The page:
I started a new job back in June and with it, I needed to set up my new employer sponsored retirement accounts. I’ve never switched jobs before, so I thought it’d be a good bit of education to share how I chose to invest in my employer sponsored retirement accounts.
My original plan was to write about it all in one post, but as I was doing so, I realized that I was talking about things without really giving any background as to why I was making those decisions. Needless to say, as I started writing, I realized my post was getting way too long!
So, instead of writing one ridiculously giant post, I thought I’d do my first series of posts! Part 1 is right here and deals with my core investment philosophy. It’s the foundation for how I pick the investments for my employer sponsored retirement plans.
When it comes to investing, I basically believe in three things:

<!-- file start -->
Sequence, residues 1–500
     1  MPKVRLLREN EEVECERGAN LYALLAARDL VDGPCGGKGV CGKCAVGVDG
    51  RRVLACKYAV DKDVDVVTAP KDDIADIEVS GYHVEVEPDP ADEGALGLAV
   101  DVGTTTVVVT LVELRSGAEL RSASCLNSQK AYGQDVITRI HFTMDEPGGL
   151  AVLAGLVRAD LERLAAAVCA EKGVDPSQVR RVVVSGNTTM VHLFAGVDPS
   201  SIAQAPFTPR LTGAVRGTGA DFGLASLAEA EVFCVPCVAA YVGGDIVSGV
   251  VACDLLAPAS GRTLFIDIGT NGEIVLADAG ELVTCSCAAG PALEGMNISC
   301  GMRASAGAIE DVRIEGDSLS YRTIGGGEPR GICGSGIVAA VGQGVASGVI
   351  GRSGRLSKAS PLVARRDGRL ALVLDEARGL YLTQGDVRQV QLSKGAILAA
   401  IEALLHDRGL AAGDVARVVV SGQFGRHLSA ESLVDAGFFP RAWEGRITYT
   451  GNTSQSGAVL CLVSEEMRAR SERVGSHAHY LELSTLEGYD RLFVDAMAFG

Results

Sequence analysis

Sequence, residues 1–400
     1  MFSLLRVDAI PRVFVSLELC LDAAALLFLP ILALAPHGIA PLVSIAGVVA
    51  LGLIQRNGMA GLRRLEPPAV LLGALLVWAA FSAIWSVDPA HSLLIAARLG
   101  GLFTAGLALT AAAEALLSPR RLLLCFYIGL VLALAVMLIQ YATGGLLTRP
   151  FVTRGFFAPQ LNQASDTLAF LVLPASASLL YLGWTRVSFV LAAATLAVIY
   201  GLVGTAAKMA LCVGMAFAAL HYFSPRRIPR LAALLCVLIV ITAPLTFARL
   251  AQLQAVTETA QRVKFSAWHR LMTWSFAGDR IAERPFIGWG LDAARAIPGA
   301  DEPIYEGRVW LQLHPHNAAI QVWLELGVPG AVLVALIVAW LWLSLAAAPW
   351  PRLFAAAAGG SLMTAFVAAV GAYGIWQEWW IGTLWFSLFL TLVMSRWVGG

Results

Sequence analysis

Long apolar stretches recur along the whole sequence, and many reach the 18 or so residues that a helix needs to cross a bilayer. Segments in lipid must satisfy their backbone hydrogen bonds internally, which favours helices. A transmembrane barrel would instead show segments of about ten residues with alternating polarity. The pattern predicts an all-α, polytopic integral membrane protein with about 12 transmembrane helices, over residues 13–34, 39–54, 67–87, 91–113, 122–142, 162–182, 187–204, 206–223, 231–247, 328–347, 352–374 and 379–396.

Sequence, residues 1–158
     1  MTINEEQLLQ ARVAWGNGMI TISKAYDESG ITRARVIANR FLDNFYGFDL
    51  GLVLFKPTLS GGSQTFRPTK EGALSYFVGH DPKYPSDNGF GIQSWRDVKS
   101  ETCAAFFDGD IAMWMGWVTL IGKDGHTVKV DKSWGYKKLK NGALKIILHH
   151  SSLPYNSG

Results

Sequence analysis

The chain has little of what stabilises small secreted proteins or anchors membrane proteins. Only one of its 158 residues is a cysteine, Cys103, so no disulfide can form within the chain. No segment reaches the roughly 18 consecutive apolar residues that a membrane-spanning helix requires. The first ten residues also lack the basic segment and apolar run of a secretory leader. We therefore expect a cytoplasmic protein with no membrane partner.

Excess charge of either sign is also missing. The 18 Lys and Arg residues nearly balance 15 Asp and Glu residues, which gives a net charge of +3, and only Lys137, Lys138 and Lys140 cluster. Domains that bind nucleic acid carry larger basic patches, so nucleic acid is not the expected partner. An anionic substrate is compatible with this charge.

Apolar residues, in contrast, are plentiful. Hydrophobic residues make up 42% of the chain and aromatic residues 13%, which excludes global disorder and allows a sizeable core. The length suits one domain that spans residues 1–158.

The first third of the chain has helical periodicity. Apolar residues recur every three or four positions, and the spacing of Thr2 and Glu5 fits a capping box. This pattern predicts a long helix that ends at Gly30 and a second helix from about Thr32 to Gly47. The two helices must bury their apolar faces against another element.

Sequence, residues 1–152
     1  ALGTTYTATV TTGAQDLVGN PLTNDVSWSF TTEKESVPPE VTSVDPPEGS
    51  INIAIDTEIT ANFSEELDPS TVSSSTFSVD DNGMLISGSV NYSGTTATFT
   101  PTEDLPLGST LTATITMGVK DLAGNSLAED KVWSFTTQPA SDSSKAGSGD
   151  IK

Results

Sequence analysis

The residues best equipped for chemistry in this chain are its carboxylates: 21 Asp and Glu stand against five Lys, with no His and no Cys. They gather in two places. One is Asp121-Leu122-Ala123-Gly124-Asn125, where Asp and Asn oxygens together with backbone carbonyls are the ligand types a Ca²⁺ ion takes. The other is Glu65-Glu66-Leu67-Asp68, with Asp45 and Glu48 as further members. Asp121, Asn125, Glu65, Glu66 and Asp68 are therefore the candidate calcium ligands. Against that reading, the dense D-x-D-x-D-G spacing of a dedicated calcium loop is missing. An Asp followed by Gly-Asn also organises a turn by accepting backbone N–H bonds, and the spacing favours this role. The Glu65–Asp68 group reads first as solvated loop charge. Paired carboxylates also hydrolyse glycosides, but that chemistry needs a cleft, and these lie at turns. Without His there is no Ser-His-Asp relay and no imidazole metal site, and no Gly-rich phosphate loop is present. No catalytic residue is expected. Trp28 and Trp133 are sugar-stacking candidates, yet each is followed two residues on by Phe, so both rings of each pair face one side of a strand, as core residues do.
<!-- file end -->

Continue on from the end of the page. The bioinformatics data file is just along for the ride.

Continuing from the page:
- I don’t believe that anyone can consistently beat the market.
- I believe in the value of equities (i.e. stocks) over the long term.
- My costs should be kept low.
Let’s delve a little deeper into these three topics.
You Can’t Consistently Beat The Market
So first, a little bit of background information for folks who might not be as familiar with investing. You probably hear the term “market” thrown around a lot. 99% of the time, this refers to something like the S&P 500, which is a group of stocks representing the 500 largest companies in the US. Basically, imagine that you own a bit of stock for each of those companies in proportion to how big that company is. Whatever return you got from those stocks would be the “market.”
In order to beat the market, you have to do two things right. You have to both buy at the right time and sell at the right time. I don’t believe that anyone can do this on a consistent basis. Sure, you can probably beat the market every once in a while. But I’m 29 years old with an investing timeline of potentially 60 years! That’s a long time to have to be right.
Just take a look at the S&P 500 over the past 60 years.
That’s a bumpy ride and you’d have to have some really good fortune telling abilities to be able to know when to buy and sell over those 60 years. If you mess up just one time, you can end up way behind the market.